But nothing says the kitchen or the laundry has to be spotless. Clearing the way for home inspectors does not mean buying a Pod and emptying the house. Homes do not have to look like a Good Housekeeping snapshot. It may be better staging or marketing if they do, but home inspectors do not rate housekeeping. You can bet inspectors have seen everything. They just have to be readily accessible.
Inaccessible crawls and attic often result in turn-downs by mortgage underwriters like FHA, Fannie Mae, and Freddie Mac. Sellers have no one to blame but themselves when those deals go south.
Making sure everything is accessible shows consideration for the home inspector. It’s not unusual to get back what you give.
Is it really necessary to add that all the utilities MUST be on for a complete home inspection? If the inspector has to come back, then the seller might incur the charges.
A home inspection can clinch a home sale, or create problems. Sellers can eliminate most problems, along with delays in closings, simply by doing their part.
The single fastest track to success is taken by the smartest sellers. Get your homes inspected before it is listed.
It’s like marketing magic when you get a Pre-Inspected home. That’s especially true in markets like Kentucky, where pre-listing home inspections are just catching on. It really makes a home stand out — especially for buyers moving here. Pre-listing inspections are common in many other states, making those buyers more comfortable with sellers who pre-inspection, or wonder why a seller did not get one.
You will minimize problems with the buyer when you Pre-Inspect the home. (Sellers should assume buyers will get their own home inspection.)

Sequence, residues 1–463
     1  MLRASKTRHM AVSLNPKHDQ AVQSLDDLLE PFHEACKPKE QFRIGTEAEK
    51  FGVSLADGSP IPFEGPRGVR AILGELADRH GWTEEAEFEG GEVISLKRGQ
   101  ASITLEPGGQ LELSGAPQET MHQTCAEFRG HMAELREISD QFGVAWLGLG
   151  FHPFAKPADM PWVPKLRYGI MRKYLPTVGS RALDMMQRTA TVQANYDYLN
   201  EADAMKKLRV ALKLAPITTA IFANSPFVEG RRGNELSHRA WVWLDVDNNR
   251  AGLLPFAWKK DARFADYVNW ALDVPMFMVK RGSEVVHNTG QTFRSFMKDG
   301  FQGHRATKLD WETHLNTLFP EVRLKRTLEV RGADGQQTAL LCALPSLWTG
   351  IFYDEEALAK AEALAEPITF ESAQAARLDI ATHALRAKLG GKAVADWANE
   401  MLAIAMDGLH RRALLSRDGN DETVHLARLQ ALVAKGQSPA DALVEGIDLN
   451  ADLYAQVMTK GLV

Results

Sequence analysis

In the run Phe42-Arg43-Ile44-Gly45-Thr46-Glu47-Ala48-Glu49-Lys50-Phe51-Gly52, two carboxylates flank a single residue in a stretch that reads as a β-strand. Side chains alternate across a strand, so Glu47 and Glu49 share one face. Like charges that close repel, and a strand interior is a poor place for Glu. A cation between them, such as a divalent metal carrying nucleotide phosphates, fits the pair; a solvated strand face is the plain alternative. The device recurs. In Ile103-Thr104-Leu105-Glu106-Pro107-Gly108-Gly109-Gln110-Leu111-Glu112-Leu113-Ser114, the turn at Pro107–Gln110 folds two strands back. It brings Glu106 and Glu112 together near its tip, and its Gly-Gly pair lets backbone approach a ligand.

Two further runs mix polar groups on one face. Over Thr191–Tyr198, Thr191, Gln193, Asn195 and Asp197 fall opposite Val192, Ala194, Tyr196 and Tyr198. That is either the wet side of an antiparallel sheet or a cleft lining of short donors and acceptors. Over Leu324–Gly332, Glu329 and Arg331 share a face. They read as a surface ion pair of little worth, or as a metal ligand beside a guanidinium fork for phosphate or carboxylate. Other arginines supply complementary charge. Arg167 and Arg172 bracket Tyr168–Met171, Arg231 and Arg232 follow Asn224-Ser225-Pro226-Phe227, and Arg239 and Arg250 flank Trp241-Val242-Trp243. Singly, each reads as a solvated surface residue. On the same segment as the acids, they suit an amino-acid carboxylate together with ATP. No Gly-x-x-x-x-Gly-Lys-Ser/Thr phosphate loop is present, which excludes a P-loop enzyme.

Pre-Listing Inspections are a seller preview. There’s no better “heads up.” Sellers tend to love their homes, enough that “love is blind” is to what a home inspector will see. A preview tells sellers what to expect when a buyer inspects the home.
Pre-Listing Inspections close faster and easier. Nothing eliminates more unwelcome surprises between a contract and the closing.
That’s partly because buyers trust Pre-Inspected home sellers more. Sellers earn trust when they disclose problems, and especially when they fix them. Sellers with Pre-Listing Inspections often leave the report out for buyers, along with repair invoices. Who wouldn’t feel better that way? Some buyers decide to forego their own inspection when the read a good Pre-Lising Inspection report.
The most savvy sellers advertise “Pre-Inspected Home” on the “For Sale” sign in the yard. (InspectHomes provides them free of charge with all pre-listing inspections.)
Pre-Inspected homes are buyer magnets. They attract more buyers. Offers are a percentage of showings.
When buyers or agents chose between several homes, they visit the Pre-Inspected homes first. Everyone knows there will be less problems, a simpler deal, and a cooperative, knowledgeable seller. Who would not chose a pre-inspected home over a shot in the dark?
Pre-listing inspections are so effective that they are virtually standard in other markets, like New England. Agents there often throw in Pre-Listing Inspections to attract listings.
Pre-Listing Inspections are just starting to catch on in Kentucky. As a result, Pre-Listing inspections get more bang for the buck, because Pre-Inspected homes stand out even more here. The most recent Pre-Listing Inspection we did, for example, sold in five days a few thousand dollars above the asking price. With no last minute surprises, a house will close without a hitch.
The simplest path to Inspection success is a Pre-Listing Inspection. Nothing does more, at less cost, to attract buyers, and help everyone have smooth sailing to the closing. Full disclosure is attractive.
Whatever the situation, sellers using these Three Keys to home inspection success can take pain out of the process and turn it into gain.